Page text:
Daphne du Maurier (1907-1989) was born in London, England. In 1931 her first novel, The Loving Spirit was published. A biography of her father and three other novels followed, but it was the novel Rebecca that launched her into the literary stratosphere and made her one of the most popular authors of her day. In 1932, du Maurier married Major Frederick Browning with whom she had three children.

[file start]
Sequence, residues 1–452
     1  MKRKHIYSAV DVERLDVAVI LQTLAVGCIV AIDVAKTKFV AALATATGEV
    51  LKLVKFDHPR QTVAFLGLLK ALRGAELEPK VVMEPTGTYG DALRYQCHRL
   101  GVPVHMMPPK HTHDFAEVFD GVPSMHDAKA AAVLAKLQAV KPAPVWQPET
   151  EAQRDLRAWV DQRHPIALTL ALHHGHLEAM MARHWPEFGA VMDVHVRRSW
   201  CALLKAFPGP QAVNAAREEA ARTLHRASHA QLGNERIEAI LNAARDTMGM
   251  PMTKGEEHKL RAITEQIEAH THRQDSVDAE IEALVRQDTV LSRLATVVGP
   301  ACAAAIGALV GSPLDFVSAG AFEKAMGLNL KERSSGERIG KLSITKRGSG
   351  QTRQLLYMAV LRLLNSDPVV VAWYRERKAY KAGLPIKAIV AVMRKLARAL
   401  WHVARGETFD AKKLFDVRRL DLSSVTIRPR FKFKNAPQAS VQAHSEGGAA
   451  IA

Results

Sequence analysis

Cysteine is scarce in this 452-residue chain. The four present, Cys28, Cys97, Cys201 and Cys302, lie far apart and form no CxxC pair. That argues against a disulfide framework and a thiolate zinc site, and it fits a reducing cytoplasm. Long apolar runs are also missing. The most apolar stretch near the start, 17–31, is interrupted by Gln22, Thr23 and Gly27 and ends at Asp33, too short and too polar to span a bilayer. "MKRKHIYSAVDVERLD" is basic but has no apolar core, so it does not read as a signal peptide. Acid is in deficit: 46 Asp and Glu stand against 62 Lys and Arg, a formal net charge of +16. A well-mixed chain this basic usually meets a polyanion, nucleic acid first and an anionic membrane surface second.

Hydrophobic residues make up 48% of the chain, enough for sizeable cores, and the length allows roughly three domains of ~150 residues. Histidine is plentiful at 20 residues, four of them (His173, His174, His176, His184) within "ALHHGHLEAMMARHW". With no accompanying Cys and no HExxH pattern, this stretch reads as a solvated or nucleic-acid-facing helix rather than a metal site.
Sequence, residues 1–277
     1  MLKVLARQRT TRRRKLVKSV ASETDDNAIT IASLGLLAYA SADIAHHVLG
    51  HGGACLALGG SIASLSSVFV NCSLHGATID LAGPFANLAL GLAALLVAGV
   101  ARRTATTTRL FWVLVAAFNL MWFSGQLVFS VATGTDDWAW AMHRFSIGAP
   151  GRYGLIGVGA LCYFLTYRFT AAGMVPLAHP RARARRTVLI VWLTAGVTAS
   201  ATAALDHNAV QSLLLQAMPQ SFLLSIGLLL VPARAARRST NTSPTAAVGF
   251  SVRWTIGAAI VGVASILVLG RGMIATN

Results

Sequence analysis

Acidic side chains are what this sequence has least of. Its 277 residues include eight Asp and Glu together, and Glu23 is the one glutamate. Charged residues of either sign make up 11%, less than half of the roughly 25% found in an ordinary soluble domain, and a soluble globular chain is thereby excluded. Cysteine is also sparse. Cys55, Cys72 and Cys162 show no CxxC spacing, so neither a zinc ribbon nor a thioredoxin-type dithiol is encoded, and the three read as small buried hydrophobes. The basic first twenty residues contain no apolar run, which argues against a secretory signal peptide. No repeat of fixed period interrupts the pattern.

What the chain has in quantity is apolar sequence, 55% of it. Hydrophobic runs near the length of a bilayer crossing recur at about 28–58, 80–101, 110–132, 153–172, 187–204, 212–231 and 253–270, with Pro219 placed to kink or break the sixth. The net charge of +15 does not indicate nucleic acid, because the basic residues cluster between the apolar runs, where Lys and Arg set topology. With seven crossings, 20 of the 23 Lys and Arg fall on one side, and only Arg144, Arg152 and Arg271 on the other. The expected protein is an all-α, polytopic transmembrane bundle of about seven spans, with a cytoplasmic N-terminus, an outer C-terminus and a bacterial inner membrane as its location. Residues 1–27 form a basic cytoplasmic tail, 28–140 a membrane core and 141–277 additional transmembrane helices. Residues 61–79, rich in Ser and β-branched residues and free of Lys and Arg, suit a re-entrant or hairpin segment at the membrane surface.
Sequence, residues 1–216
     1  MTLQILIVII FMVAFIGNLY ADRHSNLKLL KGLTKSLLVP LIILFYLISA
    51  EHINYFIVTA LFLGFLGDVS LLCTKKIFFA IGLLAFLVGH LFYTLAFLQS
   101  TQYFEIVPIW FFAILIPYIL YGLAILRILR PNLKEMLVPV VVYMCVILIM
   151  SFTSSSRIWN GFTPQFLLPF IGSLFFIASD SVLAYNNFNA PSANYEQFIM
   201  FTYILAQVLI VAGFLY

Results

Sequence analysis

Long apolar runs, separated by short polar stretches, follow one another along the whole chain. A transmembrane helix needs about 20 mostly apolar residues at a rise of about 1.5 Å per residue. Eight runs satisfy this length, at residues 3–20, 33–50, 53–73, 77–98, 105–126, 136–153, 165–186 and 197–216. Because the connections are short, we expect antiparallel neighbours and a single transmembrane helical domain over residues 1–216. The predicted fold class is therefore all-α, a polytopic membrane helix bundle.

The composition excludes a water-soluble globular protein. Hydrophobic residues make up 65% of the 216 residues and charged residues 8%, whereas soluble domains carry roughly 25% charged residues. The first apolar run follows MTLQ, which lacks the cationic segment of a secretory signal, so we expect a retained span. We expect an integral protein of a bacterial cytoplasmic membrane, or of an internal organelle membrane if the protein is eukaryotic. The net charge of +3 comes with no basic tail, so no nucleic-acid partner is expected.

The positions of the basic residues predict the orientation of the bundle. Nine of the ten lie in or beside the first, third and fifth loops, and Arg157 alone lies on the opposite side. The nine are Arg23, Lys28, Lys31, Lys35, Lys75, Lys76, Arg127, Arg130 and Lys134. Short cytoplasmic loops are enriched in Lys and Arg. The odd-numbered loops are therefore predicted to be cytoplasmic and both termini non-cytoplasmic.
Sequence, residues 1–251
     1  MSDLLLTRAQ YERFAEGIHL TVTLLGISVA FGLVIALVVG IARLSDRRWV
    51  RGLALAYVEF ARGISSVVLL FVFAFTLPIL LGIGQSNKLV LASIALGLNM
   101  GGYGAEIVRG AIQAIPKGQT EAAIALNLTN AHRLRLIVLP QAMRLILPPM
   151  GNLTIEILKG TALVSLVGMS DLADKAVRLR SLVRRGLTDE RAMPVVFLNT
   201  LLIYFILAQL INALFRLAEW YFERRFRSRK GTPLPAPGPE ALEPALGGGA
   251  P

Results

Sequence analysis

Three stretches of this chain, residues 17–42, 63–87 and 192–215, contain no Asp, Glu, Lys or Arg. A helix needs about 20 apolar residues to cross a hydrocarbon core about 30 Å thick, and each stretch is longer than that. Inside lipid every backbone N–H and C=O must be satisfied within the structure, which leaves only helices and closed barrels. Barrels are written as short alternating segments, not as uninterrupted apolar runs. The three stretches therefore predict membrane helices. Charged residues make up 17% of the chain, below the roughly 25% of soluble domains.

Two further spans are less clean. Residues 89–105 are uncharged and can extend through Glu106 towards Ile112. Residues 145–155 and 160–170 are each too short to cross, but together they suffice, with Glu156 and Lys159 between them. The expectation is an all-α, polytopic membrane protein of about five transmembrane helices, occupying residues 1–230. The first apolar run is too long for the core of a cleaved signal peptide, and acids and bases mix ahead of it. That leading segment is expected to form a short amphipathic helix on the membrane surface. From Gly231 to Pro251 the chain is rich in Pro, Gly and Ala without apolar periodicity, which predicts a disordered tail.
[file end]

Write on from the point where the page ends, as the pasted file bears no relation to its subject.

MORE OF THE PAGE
Many of du Maurier's bestselling novels and short stories were adapted into award-winning films, including Alfred Hitchcock's The Birds and Nicolas Roeg's Don't Look Now. In 1969, du Maurier was awarded the Dame Commander of the Most Excellent Order of the British Empire (DBE). She lived most of her life in Cornwall and died there which is the setting for many of her books.